2.  Include an allergen statement ("Contains:") after the ingredient list. For example, a white bread with the following ingredient list: whole wheat flour, water, sodium caseinate, salt and yeast.
    “Ingredients: whole wheat flour, water, sodium caseinate, salt and yeast. Contains: Wheat and Milk“
    The "Contains" statement must reflect all the allergens found in the product. In this example, the Milk comes from the sodium caseinate.

Where may Cottage Food Production Operations sell the food products?

Cottage food operators can sell these products within the State of Georgia directly to the consumer at non-profit events and for-profit events (such as farmers markets), and through internet sales. Licensed cottage food operators are not allowed to distribute or wholesale their product, nor can they ship cottage food products across state lines. Cottage food products cannot be distributed or wholesaled to retail stores, restaurants or other institutions.

To distribute, wholesale, and/or to sell products across state lines, a Food Sales Establishment License is required. Domestic kitchens cannot be licensed as food sales establishments. Domestic kitchens cannot be licensed as food sales establishments.

Other requirements

License: You must obtain a cottage food license by filling out the form on the cottage food website for Georgia. The fee for the cottage food license is $100 (or $50 if you apply after June 30th of the year in which you apply). Include all thje products you intend to sell, because if you add newproducts later, you will need to complete a new application.

Please note, obtaining a Cottage Food License in Georgia requires the applicant to complete secure and verifiable information to verify citizenship/immigration status. As directed by law, the GDA will utilize the Federal Systematic Alien Verification for Entitlements (SAVE) program operated by the United States Department of Homeland Security.

Collecting sales taxes

See this page for information about collecting, reporting and remitting sales taxes.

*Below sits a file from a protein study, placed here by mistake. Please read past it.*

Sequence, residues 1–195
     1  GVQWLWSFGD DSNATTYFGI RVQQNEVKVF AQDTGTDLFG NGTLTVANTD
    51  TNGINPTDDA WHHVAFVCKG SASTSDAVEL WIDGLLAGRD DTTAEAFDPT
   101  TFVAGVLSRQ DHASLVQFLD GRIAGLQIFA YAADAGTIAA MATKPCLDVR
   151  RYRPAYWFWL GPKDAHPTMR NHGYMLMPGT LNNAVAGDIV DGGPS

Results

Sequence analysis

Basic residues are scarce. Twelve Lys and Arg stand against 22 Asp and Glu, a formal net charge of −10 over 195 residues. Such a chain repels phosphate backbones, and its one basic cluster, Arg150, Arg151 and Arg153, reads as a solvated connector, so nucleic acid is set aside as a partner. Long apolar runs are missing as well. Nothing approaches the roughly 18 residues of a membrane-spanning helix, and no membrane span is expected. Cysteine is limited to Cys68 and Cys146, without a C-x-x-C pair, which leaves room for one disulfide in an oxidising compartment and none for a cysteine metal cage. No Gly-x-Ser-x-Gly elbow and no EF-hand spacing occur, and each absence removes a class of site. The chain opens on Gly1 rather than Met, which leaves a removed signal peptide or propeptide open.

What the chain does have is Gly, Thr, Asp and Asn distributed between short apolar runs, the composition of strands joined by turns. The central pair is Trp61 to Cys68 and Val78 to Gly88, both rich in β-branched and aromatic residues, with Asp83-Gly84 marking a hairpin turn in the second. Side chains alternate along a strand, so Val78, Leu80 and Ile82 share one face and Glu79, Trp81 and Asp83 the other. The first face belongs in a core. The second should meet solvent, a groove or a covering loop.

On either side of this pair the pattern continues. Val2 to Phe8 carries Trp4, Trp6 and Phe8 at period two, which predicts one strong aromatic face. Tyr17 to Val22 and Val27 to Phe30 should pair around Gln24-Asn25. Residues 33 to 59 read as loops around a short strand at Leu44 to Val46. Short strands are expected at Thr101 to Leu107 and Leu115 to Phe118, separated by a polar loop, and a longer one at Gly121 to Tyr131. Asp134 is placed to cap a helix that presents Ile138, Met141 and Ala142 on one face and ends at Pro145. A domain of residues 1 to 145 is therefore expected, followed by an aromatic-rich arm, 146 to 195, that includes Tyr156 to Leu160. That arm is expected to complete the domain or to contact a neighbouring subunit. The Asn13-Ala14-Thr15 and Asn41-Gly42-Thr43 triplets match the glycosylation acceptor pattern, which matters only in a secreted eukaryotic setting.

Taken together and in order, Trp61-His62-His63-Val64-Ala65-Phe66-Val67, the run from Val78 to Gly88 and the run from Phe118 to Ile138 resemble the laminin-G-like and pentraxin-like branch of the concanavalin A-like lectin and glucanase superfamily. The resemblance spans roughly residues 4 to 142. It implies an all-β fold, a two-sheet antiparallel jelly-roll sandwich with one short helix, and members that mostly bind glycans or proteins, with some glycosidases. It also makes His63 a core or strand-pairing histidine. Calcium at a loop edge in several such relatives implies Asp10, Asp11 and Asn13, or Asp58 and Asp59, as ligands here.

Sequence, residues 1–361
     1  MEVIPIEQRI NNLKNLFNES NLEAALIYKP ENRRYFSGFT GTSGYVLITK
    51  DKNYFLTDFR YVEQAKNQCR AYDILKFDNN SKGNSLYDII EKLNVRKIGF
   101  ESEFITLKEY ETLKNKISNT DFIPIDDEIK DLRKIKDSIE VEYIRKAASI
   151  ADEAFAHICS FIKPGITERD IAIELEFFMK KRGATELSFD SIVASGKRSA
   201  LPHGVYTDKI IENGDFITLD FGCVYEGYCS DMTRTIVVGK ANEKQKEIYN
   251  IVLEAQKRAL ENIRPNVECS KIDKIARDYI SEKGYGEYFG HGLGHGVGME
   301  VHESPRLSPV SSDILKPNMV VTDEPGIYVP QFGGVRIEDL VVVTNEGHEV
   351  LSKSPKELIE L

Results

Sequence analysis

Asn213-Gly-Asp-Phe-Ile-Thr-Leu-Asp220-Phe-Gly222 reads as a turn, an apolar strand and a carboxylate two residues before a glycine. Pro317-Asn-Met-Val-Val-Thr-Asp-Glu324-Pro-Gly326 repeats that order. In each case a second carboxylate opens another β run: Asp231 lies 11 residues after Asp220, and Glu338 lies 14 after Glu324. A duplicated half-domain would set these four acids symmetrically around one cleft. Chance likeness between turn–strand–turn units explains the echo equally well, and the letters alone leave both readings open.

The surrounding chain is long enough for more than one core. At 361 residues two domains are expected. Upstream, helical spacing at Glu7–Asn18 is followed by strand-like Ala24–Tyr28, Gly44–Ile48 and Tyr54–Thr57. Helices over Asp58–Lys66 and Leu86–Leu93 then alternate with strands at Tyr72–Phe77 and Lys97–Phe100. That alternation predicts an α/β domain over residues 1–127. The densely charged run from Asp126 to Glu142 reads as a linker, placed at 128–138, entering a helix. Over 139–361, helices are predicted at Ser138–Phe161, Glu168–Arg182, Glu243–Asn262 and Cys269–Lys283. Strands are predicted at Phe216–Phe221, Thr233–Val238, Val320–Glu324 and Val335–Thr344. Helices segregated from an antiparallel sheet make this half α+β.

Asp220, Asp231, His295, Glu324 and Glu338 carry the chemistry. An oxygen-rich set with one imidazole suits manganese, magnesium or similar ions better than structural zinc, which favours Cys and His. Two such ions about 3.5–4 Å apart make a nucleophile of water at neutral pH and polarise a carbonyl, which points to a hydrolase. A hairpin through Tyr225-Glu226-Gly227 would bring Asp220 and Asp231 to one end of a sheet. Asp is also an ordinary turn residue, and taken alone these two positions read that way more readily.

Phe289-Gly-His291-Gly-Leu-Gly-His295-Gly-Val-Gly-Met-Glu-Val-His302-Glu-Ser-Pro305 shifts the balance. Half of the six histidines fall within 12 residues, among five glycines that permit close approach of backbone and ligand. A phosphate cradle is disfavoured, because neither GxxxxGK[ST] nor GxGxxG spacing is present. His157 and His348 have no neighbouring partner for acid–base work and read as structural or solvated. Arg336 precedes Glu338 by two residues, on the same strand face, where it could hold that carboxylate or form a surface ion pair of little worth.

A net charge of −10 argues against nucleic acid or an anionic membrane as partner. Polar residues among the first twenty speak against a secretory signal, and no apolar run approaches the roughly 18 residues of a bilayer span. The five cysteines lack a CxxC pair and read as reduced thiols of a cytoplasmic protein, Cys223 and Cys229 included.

To get started

To get started, click through here "Additional Resources"  and be sure to read (and/or print off) the GDA's brochure, "Starting a Cottage Food Business," which includes a handy checklist of things you'll need to do before you submit a cottage food license application.


Beyond the requirements, common sense, good practices and reducing liability suggests you should do the following.

Testing of pH

​It’s best to use a pH meter, properly calibrated on the day used. I use this one, which is reliable and inexpensive.
Short-range paper pH test strips, commonly known as litmus paper, may be used instead, if the product normally has a pH of 4.0 or lower and the paper’s range includes a pH of 4.6.

Record-keeping is suggested

Keep a written record of every batch of product made for sale, including:

  • ​Recipe, including procedures and ingredients
  • Amount canned and sold
  • Canning date
  • Sale dates and locations
  • Gross sales receipts
  • Results of any pH test


Although iInspections are not required, you should consider doing the following:

  • ​Use clean equipment that has been effectively sanitized prior to use
  • Clean work surfaces and then sanitize with bleach water before and after use
  • Keep ingredients separate from other unprocessed foods
  • Keep household pets out of the work area
  • Keep walls and floors clean
  • Have adequate lighting
  • Keep window and door screens in good repair to keep insects out
  • Wash hands frequently while working
  • Consider annual testing of water if using a private well

Best Practices

  • Allergans:  Most state home baking acts require an “ingredient statement” and/or an “allergen listing” on the label of the bakery item for sale; but if your state does not, you should anyway. The eight major food allergens are
    • milk,
    • eggs,
    • fish,
    • crustacean shellfish,
    • tree nuts,
    • peanuts,
    • wheat and
    • soybean.
  • Cross-allergenicity: There are also ingredients available, even flours, that can cause a cross-allergenicity. The American Academy of Allergy Asthma & Immunology explains cross-allergenicity as an allergic reaction when proteins in one substance are similar to the proteins found in another substance. For example, consumption of lupine flour may trigger an allergic reaction to peanuts, and cricket flour may trigger an allergic reaction to shellfish. Again, providing such information might be a beneficial marketing tool and help keep potential consumers safe.
  • The 2 Hour/4 Hour Rule -  Anyone wishing to make and sell refrigerated bakery items should remember to follow the “2 Hour/4 Hour Rule.” This is a system that can be implemented when potentially hazardous foods are out of temperature control (temperatures greater than 45 degrees Fahrenheit) during preparation, serving or display for sale. The rule guidelines are as follows:
    • If a potentially hazardous food has been out of temperature control for 2 hours or less, then it may continue to be used or be placed back in the refrigerator.
    • If a potentially hazardous food has been out of temperature control for more than 2 hours but less than 4 hours, it needs to be used quickly or discarded.
    • If a potentially hazardous food has been out of temperature control for more than 4 hours, it must be discarded.

More resources:

Questions? Contact Information:

Georgia Cottage Food Program

For additional labeling questions and support, contact the Food Safety Division headquarters office at 404-656-3627.